My thoughts on everything from albacore tuna to zebras
|You have to admit, that dirt covered ball of starch you dig out of the ground sure doesnâ€™t look like anything youâ€™d want to put in your mouth, let alone chew and swallow. Still, over the years it has proven itself to be a veritable cornucopia of culininary possibilities. While thinking about todayâ€™s blog I quickly thought of a number of ways I like to eat potatoes. I wonâ€™t bore you with the complete list but here are a couple of my favorites. Boiled potatoes with hot lettuce or dandelion salad on top. Yummmm. Roasted in the coals of a campfire until the skins are charred and crisp. And last of course, and the subject of todayâ€™s blog, French-fried.
I donâ€™t know who the guy (or gal) was that first thought of throwing a bunch of cut up potatoes into a pot of boiling oil was, but my hat is eternally doffed to that individual. I believe my first experience with anything vaguely resembling a French fry was when my mom would cut up potatoes and toss them into a cast iron skillet filled with hot oil. They were sort of a cross between potato chips and fries, and they were good.
Try as I might I canâ€™t remember getting French fries in any of the local restaurants when I was a kid. Iâ€™m sure they mustâ€™ve had them but I just donâ€™t remember eating them so they mustnâ€™t have been anything spectacular. In high school French fries from McDonalds were my favorite. They were tasty, greasy and salty. I did have a dilemma though. I didnâ€™t like their hamburgers. So I would buy the fries and go next door for a BK whopper. Sometimes Iâ€™d add in a Wendyâ€™s Frosty. Sort of a combo meal taken to extremes.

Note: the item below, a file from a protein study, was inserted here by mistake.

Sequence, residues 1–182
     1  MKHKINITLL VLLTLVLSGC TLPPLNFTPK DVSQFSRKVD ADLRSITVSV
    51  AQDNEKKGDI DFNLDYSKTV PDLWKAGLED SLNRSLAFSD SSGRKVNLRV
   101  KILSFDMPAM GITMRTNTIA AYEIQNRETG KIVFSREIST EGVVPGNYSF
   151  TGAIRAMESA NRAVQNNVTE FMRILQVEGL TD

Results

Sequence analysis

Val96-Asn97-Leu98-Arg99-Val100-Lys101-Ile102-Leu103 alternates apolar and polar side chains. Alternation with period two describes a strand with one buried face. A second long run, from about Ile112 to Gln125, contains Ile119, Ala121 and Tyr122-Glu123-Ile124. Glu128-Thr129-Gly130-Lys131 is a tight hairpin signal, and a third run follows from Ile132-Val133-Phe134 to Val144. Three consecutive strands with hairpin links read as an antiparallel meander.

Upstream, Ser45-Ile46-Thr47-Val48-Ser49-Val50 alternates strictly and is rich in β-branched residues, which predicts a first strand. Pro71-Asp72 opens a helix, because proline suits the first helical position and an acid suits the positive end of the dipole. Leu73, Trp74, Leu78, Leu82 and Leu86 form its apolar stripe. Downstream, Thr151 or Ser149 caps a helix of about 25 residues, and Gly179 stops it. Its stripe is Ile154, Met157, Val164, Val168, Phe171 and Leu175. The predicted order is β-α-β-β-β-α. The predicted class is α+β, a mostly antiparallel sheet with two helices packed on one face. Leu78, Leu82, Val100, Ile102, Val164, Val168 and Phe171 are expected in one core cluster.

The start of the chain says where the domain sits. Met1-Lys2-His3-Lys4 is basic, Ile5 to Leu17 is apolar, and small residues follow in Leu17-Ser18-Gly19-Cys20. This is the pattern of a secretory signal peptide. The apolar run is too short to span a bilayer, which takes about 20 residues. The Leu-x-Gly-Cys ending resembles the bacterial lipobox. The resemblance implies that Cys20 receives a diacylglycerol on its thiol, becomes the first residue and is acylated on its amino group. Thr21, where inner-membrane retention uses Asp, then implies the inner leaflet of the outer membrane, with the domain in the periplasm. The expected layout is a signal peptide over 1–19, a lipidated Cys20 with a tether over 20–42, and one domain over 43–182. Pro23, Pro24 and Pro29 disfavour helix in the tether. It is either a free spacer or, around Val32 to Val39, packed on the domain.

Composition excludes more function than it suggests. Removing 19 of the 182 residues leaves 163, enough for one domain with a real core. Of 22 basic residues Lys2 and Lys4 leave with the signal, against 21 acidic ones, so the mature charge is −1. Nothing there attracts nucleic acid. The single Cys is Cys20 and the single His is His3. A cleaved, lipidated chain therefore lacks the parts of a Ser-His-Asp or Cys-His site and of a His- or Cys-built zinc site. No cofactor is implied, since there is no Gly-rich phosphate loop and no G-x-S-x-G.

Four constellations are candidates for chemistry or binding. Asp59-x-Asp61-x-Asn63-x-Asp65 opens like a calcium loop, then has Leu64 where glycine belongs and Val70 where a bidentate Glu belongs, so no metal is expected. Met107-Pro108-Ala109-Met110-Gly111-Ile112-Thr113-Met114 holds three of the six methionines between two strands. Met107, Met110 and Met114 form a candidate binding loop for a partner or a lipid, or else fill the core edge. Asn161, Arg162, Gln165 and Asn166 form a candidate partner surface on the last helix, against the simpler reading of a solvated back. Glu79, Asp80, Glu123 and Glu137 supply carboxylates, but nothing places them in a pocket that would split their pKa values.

I became a French fry snob. They had to be thin. Didnâ€™t like those slab fries at all. They had to be crisp, light brown in color tending towards medium brown on the edges. They had to have lots of salt. They had to be piping hot. They had to come in the little paper envelope. Sometimes I would buy two or three and that would be my entire meal. Imagine my glee when I could finally supersize!
Ketchup was and still is optional. Sometimes I did and sometimes I didnâ€™t. If I do, it has to be Heinz ketchup out of the bottle and I never, never, put it on the fries. Itâ€™s to the side, for dipping.
It was on a trip to Idlewild Amusement Park that I discovered the ultimate in fries. There, in a building, with a sign outside that simply says French Fries, is my potato heaven. Inside are huge piles of washed spuds. When you order up some fries, they take the whole potato, skins and all, force it through this French fry maker thingy and dump it into the hot oil right before your eyes. Several minutes later they hand you a greasy brown crisp mess of fries and ask if you want cheese on them. Nix, the cheese. Go â€śau naturalâ€ť. You wonâ€™t be sorry.
The skins are what make them special. They enhance that potato flavor. Besides that, the skins are where the vitamins are and Iâ€™m told eating fries with the skins on will automatically negate all the bad effects of the pound and a half of lard you consume with themâ€¦at least thatâ€™s the word on the street.
I have since found these same fries in several other locations (not yet in Harrisburg)
My favorite fry location?
Italian Village Pizzaria in Ebensburg, PA. Just think, Pizza and French fries, in one location!
â€śHeaven, Iâ€™m in heavenâ€¦"
(Joe dances away happily)
unashamed self promotion. My Writer's Cramp Entry